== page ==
COVID-19 could be robbing Toronto of one of its most iconic events forever. The Canadian National Exhibition (CNE) is reporting a loss of over $6 million this year, a blow that the organization claims estimates to a whopping 95% drop in revenue. Concerns have been raised about whether the beloved fair could survive past 2021.
According to the CNE’s new release, the event is expecting to lose over $35 million of lost earnings from ticket sales, sponsorships, exhibitor commitments and other sources of funding due to the pandemic.
Because of this, the exhibition isn't sure how much longer they will be able to last.
"Without significant financial investment and relief, the long-term economic viability of Canada’s largest fair is uncertain beyond next year," read the press release.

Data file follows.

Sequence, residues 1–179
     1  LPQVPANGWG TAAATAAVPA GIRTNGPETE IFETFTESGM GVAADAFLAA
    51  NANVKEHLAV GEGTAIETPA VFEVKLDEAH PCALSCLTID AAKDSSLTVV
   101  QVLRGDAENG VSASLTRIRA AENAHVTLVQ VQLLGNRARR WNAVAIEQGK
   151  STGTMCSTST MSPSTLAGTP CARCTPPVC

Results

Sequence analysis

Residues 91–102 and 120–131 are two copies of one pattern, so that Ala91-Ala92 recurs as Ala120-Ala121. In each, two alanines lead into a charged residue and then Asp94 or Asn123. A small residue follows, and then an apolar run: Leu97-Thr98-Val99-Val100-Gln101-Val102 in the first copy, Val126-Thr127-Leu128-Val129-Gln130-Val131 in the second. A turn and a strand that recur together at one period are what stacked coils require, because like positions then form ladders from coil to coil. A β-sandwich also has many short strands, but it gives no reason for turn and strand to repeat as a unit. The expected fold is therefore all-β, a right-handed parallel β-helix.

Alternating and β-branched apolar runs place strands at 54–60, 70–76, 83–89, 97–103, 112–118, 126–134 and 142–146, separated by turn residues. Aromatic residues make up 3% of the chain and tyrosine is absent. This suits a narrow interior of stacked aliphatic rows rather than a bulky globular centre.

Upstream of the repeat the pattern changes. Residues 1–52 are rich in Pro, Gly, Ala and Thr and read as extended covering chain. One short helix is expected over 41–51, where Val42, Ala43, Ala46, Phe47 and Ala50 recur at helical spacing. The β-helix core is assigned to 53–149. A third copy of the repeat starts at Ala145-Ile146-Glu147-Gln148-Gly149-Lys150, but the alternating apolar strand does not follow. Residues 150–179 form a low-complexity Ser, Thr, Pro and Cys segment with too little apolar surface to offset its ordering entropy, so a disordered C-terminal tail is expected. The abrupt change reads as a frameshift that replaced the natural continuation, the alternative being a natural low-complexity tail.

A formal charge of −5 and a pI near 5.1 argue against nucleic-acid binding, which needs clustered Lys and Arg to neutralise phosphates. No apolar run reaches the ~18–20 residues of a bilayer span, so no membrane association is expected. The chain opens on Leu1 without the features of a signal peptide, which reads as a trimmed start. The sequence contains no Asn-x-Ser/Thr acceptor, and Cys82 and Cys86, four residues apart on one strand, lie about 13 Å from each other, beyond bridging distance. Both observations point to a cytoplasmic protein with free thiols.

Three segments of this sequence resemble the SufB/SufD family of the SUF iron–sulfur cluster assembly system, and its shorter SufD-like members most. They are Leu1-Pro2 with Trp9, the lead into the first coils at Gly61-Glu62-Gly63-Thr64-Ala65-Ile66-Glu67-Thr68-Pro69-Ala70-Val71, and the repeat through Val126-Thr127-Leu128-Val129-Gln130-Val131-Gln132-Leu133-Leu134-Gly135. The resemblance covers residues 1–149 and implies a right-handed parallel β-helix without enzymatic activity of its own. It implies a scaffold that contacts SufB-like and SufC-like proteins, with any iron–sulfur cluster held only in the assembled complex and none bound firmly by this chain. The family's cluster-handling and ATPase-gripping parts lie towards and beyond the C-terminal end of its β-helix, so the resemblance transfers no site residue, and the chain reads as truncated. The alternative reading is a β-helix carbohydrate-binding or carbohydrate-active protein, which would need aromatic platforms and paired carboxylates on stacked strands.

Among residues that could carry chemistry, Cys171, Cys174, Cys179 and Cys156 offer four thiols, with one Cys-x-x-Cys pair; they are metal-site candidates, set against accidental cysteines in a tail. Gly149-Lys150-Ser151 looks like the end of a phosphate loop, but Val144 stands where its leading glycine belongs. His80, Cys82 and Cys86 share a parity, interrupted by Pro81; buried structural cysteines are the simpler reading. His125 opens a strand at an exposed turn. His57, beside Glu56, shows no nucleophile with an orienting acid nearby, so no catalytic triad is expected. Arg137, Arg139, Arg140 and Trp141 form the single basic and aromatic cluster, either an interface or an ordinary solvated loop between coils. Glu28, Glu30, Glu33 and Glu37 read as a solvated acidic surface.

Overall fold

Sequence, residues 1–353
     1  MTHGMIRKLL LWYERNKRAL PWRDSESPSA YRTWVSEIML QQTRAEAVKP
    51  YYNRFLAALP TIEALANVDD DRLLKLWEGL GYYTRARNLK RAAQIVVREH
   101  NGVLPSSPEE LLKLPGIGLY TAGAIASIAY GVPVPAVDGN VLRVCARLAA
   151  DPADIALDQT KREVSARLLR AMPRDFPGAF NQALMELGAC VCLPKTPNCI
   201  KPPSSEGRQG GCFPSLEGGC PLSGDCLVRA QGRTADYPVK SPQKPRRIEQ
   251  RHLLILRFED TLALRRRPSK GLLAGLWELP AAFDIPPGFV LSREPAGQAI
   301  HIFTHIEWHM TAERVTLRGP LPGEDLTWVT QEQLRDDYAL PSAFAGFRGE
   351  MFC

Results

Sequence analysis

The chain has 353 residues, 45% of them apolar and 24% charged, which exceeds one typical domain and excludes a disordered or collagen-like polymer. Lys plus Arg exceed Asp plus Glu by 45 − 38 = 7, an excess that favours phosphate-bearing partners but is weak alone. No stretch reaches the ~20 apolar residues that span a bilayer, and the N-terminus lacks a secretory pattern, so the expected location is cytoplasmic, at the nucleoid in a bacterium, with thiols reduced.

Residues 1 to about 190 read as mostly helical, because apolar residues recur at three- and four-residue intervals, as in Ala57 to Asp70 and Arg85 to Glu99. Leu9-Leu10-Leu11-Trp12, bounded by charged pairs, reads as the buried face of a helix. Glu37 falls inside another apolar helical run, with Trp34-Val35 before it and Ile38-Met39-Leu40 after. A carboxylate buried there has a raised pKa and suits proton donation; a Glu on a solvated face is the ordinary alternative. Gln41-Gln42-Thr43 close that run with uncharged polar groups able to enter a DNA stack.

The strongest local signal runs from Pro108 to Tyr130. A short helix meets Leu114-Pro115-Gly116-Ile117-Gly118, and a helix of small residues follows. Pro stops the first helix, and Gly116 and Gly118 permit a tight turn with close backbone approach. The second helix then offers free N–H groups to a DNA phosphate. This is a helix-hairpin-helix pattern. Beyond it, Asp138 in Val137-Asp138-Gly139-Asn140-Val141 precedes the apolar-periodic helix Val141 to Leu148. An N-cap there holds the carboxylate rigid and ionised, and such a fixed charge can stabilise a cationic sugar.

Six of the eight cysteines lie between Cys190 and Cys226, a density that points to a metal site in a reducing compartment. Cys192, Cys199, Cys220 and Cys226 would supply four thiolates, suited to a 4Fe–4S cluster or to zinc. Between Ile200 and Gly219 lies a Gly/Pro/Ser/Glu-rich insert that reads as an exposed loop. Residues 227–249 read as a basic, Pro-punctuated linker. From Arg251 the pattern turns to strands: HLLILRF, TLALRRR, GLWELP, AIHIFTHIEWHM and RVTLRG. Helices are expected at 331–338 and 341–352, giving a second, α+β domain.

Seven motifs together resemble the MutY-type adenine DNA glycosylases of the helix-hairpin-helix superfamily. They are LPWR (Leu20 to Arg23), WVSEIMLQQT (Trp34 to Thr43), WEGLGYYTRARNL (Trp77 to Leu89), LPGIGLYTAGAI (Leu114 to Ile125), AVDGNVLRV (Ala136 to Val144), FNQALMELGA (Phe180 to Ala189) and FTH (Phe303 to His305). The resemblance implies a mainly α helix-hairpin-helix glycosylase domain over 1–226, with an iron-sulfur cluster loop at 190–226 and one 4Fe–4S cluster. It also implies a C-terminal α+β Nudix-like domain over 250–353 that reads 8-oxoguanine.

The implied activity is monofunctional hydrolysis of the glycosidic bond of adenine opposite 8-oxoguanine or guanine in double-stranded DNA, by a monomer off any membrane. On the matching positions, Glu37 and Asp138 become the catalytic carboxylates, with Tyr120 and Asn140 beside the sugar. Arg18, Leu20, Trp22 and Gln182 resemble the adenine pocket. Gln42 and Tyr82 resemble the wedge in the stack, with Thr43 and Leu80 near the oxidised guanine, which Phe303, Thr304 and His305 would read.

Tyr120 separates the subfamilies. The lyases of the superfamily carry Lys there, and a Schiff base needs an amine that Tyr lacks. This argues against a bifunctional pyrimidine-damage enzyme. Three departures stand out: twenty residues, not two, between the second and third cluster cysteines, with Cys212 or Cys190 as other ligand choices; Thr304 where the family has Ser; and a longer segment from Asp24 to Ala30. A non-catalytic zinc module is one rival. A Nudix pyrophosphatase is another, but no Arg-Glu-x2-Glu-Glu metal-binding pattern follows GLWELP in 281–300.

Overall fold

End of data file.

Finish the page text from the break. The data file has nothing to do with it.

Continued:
Executive Director Darrell Brown told the Toronto Star that the event’s 2020 losses would make it impossible to run it beyond next year without money from the government or the City of Toronto.
Although it’s worth noting that the organization remains hopeful that the government would help them with funding for future years.
"My message…to the federal government, provincial government and municipal authorities is that it’s a no-brainer when you look at the economic impact of the fair,” Brown told the Star.
The cancellation marked the first time that the celebrated Toronto fair had been postponed since World War II.
The Canadian International Air Show, which is hosted annually during the last three days of the fair, was also cancelled this year.
Now, the CNE is relying on their fans to get them through the tough times ahead.
“Our road to financial recovery is a long-term proposition; however, we are encouraged by the public support of our fans who have connected with our virtual fair, and are optimistic that visitors will come out to support us again in person next year to help make it a banner year," said John Kiru, President of the CNE Association.
Currently, a virtual fair is taking place to replace the on-site event.